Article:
What entrepreneurs can learn from Jollibee’s ‘Chickenjoy’ supply problem

Ezra Ferraz
Jollibee’s failure to anticipate the problems that would come with an IT system overhaul highlights the importance of business continuity planning

BACK TO BUSINESS SOON. The Jollibee Katipunan branch was closed on Thursday, August 13 at around 11 a.m. But this, among other outlets that temporarily closed will reopen Sunday, August 17, Jollibee says in a statement. Photo by Mick Basa / Rappler.com

MANILA, Philippnies – According to a Jollibee disclosure more than a week ago, they had to temporarily shut down 72 stores due a supply disruption caused by a major IT system upgrade. Some experts estimate that the closure cost the food giant millions of pesos in losses per day.

While these losses are staggering (and come as a bummer to Filipinos everywhere who love their “ChickenJoy”), they provide a valuable case study in the making to local entrepreneurs and businessmen. Jollibee’s failure to anticipate the problems that would come with a system overhaul highlights the importance of business continuity planning (BCP).

You’re never too big to plan ahead

Business continuity planning, which is a term used interchangeably with business continuity and resiliency planning (BCRP), represents the need to identify internal and external threats to a business, so that it may continue to stay competitive in the market and avert any possible crises.

In simple terms, BCP is not just a venture’s plan B – it’s plan B, plan C, and everything up to plan Z, covering all possible bases in their particular industry. An airline carrier, for example, would have ideally planned for emergency contingencies (what happens if a plane crashes?) to far less newsworthy, but no less as important of situations (how will we comply with this piece of aviation regulation if it is passed?).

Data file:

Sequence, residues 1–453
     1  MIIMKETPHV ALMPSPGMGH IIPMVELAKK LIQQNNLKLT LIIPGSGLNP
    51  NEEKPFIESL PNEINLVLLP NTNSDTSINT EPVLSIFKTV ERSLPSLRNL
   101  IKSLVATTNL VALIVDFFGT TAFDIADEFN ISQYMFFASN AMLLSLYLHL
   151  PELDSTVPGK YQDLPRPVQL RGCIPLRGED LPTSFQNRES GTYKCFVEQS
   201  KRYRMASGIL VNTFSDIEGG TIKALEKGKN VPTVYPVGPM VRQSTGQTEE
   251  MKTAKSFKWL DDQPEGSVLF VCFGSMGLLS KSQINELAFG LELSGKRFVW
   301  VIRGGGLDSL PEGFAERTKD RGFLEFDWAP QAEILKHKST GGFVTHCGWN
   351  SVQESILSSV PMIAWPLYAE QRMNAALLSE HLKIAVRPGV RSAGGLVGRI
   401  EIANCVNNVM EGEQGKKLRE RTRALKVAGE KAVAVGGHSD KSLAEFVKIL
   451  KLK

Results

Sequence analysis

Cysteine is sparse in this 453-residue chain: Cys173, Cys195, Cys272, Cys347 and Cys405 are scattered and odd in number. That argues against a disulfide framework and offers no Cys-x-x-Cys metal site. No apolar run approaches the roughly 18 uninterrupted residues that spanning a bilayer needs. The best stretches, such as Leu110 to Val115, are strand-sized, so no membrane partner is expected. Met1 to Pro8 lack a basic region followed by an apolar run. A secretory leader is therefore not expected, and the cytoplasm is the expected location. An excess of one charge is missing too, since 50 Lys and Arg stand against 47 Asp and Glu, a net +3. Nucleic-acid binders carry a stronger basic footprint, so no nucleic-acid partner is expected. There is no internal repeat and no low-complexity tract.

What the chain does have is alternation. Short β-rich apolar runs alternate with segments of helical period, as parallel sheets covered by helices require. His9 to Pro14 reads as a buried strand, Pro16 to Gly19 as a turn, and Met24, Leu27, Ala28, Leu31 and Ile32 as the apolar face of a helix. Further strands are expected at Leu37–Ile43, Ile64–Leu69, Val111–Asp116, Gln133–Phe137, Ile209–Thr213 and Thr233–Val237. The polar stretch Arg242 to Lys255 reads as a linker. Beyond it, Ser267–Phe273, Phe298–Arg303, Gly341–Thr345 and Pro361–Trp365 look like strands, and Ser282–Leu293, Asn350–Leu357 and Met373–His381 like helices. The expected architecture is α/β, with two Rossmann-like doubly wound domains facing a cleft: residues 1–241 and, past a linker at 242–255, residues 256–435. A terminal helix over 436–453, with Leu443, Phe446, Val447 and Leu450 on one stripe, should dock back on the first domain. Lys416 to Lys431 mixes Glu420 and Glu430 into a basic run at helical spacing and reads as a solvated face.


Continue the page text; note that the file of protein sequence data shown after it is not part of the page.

As the Jollibee situation proves, no company is so big that they can successfully operate without a thorough BCP. Evan Tan, who is the regional director for Southeast Asia of Freelancer.com, which competes internationally and locally with rival job platforms Elance and oDesk, echoes this sentiment.

According to a business article that he read, 90% of tech startups fail due to their inability to respond to the challenges facing their companies. “In the tech industry where even giants can easily be toppled by budding companies (Facebook killing Myspace and Friendster ring a bell?), one’s incapability to adapt and innovate can be disastrous to one’s business,” he said.

To not go the way of Myspace and Friendster, Tan says that Freelancer.com has entire teams dedicated to performing research on how to improve their products. As a whole, the company also tries to stay attuned to industry trends, in addition to listening to their users and engaging with them on how to get better.